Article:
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Charlotte Brontë and Her Circle by Clement King Shorter
_Being of sound mind and judgment_, _in the name of God the Father_,
_Son_, _and Holy Ghost_, _I_, PATRICK BRONTE, B.A., _Incumbent of
Haworth_, _in the Parish of Bradford and county of York_, _make this
my last Will and Testament_: _I leave forty pounds to be equally
divided amongst all my brothers and sisters to whom I gave
considerable sums in times past_; _And I direct the same sum of forty
pounds to be sent for distribution to Mr. Hugh Bronte_,
_Ballinasceaugh_, _near Loughbrickland_, _Ireland_; _I leave thirty
pounds to my servant_, _Martha Brown_, _as a token of regard for long
and faithful services to me and my children_; _To my beloved and
esteemed son-in-law_, _the Rev. Arthur Bell Nicholls_, B.A., _I leave
and bequeath the residue of my personal estate of every description
which I shall be possessed of at my death for his own absolute
benefit_; _And I make him my sole executor_; _And I revoke all former
and other Wills_, _in witness whereof I_, _the said_ PATRICK BRONTE,
_have to this my last Will_, _contained in this sheet of paper_, _set
my hand this twentieth day of June_, _one thousand eight hundred and

PATRICK BRONTE.--_Signed and acknowledged by the said_ PATRICK BRONTE
_as his Will in the presence of us present at the same time_, _and
who in his presence and in the presence of each other have hereunto
subscribed our names as witnesses_: JOSEPH REDMAN, ELIZA BROWN.

The Irish relatives are not forgotten, and indeed this will gives the
most direct evidence of the fact that for the sixty years that he had
been absent from his native land he had always kept his own country, or
at least his relatives in County Down, sufficiently in mind.


Eighty years have passed over Thornton since that village had the honour
of becoming the birthplace of Charlotte Bronte. The visitor of to-day
will find the Bell Chapel, in which Mr. Bronte officiated, a mere ruin,
and the font in which his children were baptized ruthlessly exposed to
the winds of heaven. {56a} The house in which Patrick Bronte resided is
now a butcher's shop, and indeed little, one imagines, remains the same.
But within the new church one may still overhaul the registers, and find,
with but little trouble, a record of the baptism of the Bronte children.
There, amid the names of the rough and rude peasantry of the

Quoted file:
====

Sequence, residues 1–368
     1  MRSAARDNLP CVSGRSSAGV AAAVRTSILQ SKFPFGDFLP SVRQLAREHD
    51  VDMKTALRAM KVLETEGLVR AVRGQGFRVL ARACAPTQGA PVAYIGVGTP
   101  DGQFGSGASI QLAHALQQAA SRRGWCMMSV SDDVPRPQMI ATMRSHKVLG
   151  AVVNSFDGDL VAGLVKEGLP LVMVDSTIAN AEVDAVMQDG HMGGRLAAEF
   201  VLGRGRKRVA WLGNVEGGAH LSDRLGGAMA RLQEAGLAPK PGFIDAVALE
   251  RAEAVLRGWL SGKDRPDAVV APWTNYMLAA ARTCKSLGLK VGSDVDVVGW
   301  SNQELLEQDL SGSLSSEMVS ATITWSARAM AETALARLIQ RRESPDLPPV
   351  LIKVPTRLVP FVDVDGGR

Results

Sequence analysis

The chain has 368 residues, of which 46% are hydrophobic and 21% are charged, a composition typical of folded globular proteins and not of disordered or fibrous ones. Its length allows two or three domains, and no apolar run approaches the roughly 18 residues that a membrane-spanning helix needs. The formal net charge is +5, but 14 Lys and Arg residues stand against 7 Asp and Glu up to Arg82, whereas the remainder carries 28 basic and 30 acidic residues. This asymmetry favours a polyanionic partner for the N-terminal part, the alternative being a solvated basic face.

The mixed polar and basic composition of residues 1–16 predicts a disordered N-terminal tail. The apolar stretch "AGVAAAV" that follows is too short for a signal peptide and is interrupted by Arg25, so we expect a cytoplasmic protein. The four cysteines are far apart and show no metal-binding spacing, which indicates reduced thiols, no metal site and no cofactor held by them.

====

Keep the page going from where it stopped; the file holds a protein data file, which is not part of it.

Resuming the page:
neighbourhood, we find the accompanying entries, {56b} differing from
their neighbours only by the fact that Mr. Morgan or Mr. Fennell came to
the help of their relatives and officiated in place of Mr. Bronte. Mr.
Bronte, it will be observed, had already received his appointment to
Haworth when Anne was baptized.
There were, it is well known, two elder children, Maria and Elizabeth,
born at Hartshead, and doomed to die speedily at Haworth. A vague memory
of Maria lives in the Helen Burns of _Jane Eyre_, but the only tangible
records of the pair, as far as I am able to ascertain, are a couple of
samplers, of the kind which Mrs. Bronte and her sisters had worked at
Penzance a generation earlier.

_Maria Bronte finished this Sampler on the 16th of May at the age of
eight years_

one of them tells us, and the other:

_Elizabeth Bronte finished this Sampler the 27th of July at the age
of seven years_.

Maria died at the age of twelve in May 1825, and Elizabeth in June of the
same year, at the age of eleven. It is, however, with their three
sisters that we have most concern, although all the six children
accompanied their parents to Haworth in 1820.

Haworth, we are told, has been over-described; and yet it may not be
amiss to discover from the easily available directories what manner of
place it was during the Bronte residence there. Pigot's Yorkshire
Directory of 1828 gives the census during the first year of Mr. Bronte's
incumbency thus:--

HAWORTH, _a populous manufacturing village_, _in the honour of
Pontefract_, _Morley wapentake_, _and in the parish of Bradford_, _is
four miles south of Keighley_, _containing_, _by the census of_ 1821,
4668 _inhabitants_.

_Gentry and Clergy_: _Bronte_, _Rev. Patrick_, _Haworth_; _Heaton_,
_Robert_, _gent._, _Ponden Hall_; _Miles_, _Rev. Oddy_, _Haworth_;
_Saunders_, _Rev. Moses_, _Haworth_.

From the same source twenty years later we obtain more explicit detail,
which is not without interest to-day.

HAWORTH _is a chapelry_, _comprising the hamlets of Haworth_,
_Stanbury_, _and Near and Far Oxenhope_, _in the parish of Bradford_,
_and wapentake of Morley_, _West Riding_--_Haworth being ten miles
from Bradford_, _about the same distance from Halifax_, _Colne_, _and
Skipton_, _three and a half miles S. from Keighley_, _and eight from
Hebden Bridge_, _at which latter place is a station on the Leeds and
Manchester railway_. _Haworth is situated on the side of a hill_,
_and consists of one irregularly built street_--_the habitations in
that part called Oxenhope being yet more scattered_, _and Stanbury
still farther distant_; _the entire chapelry occupying a wide space_.
_The spinning of worsted_, _and the manufacture of stuffs_, _are
branches which here prevail extensively_.

_The Church or rather chapel_ (_subject to Bradford_), _dedicated to
St. Michael_, _was rebuilt in_ 1757: _the living is a perpetual
curacy_, _in the presentation of the vicar of Bradford and certain
trustees_; _the present curate is the Rev. Patrick_ _Bronte_. _The
other places of worship are two chapels for baptists_, _one each for
primitive and Wesleyan methodists_, _and another at Oxenhope for the